If you're lucky, you'll find a company with great mentorship that's willing to cultivate and encourage you. Call me cynical, but I don't think there are many of those.

Extract experience, growth, and evidence of both. Then get out. At many entry-level jobs, diminishing returns will begin early, likely way before you’ve mastered the job. Don't become perfect for a role you don't want at a company you don't like.

12. Pay isn't linear

I've worked a lot of minimum wage jobs. When I moved to Massachusetts, I did so thanks to a job offer from an educational tech company. I did numerous phone interviews, drove down to an in-person interview, did a drug test, and signed an offer letter. Suddenly, they gave me hours that demanded I quit school. At the time, this was unthinkable. We couldn't compromise, and I lost the job. I worked more minimum wage jobs after that.

Don't view pay linearly. My next job was salaried and paid me nearly double minimum wage. After an annual raise, I moved to my current job, which paid me almost double my prior job's starting pay.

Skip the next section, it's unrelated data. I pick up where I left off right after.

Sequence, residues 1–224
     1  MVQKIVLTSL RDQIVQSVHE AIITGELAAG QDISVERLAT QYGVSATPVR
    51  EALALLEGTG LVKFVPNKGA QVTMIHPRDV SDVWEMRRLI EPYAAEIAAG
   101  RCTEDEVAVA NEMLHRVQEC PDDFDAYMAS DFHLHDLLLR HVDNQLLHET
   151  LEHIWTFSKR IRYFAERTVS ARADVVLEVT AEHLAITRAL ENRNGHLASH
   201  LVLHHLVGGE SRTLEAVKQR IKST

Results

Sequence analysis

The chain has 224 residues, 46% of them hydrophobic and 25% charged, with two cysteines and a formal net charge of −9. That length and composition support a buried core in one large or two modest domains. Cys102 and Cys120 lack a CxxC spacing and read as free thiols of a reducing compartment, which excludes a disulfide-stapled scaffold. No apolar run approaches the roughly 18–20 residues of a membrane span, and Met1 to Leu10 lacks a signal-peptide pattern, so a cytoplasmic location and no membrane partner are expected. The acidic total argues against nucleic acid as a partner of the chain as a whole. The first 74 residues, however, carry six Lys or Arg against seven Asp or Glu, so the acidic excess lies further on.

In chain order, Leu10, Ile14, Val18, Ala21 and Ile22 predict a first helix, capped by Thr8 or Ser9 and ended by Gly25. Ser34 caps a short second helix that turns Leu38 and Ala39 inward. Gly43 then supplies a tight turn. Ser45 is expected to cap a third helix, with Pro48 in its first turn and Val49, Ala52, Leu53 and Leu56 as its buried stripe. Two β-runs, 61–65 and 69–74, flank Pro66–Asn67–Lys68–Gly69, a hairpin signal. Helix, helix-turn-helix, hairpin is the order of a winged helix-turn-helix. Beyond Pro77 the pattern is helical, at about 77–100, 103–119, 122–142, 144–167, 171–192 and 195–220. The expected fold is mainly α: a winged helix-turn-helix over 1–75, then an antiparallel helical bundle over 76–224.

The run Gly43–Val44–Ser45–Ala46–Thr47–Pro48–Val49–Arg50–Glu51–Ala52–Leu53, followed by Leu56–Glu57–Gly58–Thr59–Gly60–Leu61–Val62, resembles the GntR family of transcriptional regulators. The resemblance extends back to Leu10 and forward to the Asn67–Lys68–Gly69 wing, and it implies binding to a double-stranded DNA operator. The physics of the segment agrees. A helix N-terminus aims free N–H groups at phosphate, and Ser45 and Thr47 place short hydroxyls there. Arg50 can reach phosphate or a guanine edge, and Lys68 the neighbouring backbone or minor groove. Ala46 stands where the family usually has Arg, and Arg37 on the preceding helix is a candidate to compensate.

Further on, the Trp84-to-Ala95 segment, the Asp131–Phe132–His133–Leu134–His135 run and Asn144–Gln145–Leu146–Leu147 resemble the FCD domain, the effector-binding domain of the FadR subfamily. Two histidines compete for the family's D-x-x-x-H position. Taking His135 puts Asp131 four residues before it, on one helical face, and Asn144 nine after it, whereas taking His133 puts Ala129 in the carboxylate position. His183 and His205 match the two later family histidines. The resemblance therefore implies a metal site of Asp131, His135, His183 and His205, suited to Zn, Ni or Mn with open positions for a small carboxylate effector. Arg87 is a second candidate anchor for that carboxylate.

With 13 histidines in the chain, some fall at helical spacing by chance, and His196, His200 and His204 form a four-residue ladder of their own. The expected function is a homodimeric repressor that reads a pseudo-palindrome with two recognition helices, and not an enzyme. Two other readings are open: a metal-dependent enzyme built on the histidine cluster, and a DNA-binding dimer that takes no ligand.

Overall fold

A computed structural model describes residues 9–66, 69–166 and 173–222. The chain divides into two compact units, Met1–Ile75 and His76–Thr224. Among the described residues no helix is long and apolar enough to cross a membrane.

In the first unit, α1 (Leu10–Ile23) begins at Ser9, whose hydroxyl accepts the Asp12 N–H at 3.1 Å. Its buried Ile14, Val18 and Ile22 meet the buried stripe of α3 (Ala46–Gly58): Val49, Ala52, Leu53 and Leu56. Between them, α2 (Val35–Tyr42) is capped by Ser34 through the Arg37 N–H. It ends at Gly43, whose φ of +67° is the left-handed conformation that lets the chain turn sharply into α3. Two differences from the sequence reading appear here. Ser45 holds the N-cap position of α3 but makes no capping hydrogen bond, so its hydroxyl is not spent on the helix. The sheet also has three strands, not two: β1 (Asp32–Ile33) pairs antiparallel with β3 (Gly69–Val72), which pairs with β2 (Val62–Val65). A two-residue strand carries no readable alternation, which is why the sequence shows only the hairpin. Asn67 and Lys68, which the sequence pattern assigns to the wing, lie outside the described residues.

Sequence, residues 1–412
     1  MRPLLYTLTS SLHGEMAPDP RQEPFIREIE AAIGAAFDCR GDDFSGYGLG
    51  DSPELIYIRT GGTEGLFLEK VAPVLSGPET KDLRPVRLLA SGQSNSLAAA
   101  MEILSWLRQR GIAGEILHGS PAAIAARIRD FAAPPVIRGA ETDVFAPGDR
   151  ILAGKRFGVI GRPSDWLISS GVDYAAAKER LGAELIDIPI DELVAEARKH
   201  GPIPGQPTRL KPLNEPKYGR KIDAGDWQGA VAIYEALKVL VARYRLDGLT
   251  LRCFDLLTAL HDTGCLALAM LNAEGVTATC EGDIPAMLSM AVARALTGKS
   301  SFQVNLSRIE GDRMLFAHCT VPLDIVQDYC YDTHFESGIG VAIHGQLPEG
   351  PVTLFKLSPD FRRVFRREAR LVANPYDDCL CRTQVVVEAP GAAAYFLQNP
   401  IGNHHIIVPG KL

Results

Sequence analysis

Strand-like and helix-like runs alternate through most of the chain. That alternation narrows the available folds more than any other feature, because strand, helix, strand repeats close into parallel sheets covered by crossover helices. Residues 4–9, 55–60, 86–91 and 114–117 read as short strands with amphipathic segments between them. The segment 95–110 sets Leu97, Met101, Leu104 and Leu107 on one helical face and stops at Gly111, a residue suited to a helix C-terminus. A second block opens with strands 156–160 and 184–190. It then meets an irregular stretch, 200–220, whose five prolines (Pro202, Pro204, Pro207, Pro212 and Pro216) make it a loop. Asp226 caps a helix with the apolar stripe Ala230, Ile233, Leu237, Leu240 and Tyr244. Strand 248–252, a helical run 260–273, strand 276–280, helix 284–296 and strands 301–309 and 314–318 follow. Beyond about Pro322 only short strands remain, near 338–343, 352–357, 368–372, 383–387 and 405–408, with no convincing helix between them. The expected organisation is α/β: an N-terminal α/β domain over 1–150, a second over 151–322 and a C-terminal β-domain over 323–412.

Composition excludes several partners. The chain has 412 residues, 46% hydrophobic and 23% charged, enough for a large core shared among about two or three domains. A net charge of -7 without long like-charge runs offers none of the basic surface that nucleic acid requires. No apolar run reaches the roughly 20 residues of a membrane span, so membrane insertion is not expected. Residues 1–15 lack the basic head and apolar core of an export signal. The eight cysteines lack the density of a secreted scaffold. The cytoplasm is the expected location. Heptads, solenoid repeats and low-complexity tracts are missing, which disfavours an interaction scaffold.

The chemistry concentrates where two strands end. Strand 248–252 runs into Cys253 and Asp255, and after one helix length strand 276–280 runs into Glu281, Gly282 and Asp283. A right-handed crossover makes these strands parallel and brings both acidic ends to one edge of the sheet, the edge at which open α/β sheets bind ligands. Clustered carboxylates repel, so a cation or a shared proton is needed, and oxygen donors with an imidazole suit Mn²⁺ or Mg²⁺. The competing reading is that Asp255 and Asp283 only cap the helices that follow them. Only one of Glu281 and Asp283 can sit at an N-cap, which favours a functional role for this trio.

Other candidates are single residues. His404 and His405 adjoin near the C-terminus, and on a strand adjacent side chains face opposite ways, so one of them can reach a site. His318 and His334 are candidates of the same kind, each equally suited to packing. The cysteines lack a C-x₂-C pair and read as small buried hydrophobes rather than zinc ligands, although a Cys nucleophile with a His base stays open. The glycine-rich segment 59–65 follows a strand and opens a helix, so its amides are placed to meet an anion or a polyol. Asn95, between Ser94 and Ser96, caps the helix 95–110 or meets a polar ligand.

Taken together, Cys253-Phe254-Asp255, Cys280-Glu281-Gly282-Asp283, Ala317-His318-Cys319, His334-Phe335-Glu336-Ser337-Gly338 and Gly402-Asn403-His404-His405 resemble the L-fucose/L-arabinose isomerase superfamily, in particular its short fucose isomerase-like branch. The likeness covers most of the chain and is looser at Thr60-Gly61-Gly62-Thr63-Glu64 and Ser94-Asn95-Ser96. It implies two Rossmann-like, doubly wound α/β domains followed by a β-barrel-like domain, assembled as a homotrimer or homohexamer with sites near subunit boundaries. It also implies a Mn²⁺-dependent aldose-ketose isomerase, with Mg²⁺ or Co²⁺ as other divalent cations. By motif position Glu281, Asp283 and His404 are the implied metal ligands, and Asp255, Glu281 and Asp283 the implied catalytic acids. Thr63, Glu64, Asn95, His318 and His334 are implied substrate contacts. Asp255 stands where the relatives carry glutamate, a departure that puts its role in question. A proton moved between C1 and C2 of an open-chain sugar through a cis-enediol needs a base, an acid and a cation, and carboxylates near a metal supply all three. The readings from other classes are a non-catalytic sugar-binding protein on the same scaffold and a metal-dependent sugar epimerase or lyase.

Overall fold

When I was sketching my content marketing career plan, I imagined broad steps from $32K to $45K to $60K and on. Perhaps 1-3 years in any of those stages. But as it turned out, I spent a year and a half in the first stage and skipped to the third.

The next job was willing to pay me more for the skills I had built at my previous job. Because I focused on my next job's KPIs, I translated tangential responsibilities at my previous job to core responsibilities at my next.

You won't know exactly how much though, so never offer your previous salary. There's a good chance you can get more than you'd expect.

13. Craft > passion

The most consistent career advice I've received is to "do what you love" or "pursue your passion." It sounds good, but I think it's misleading and impractical.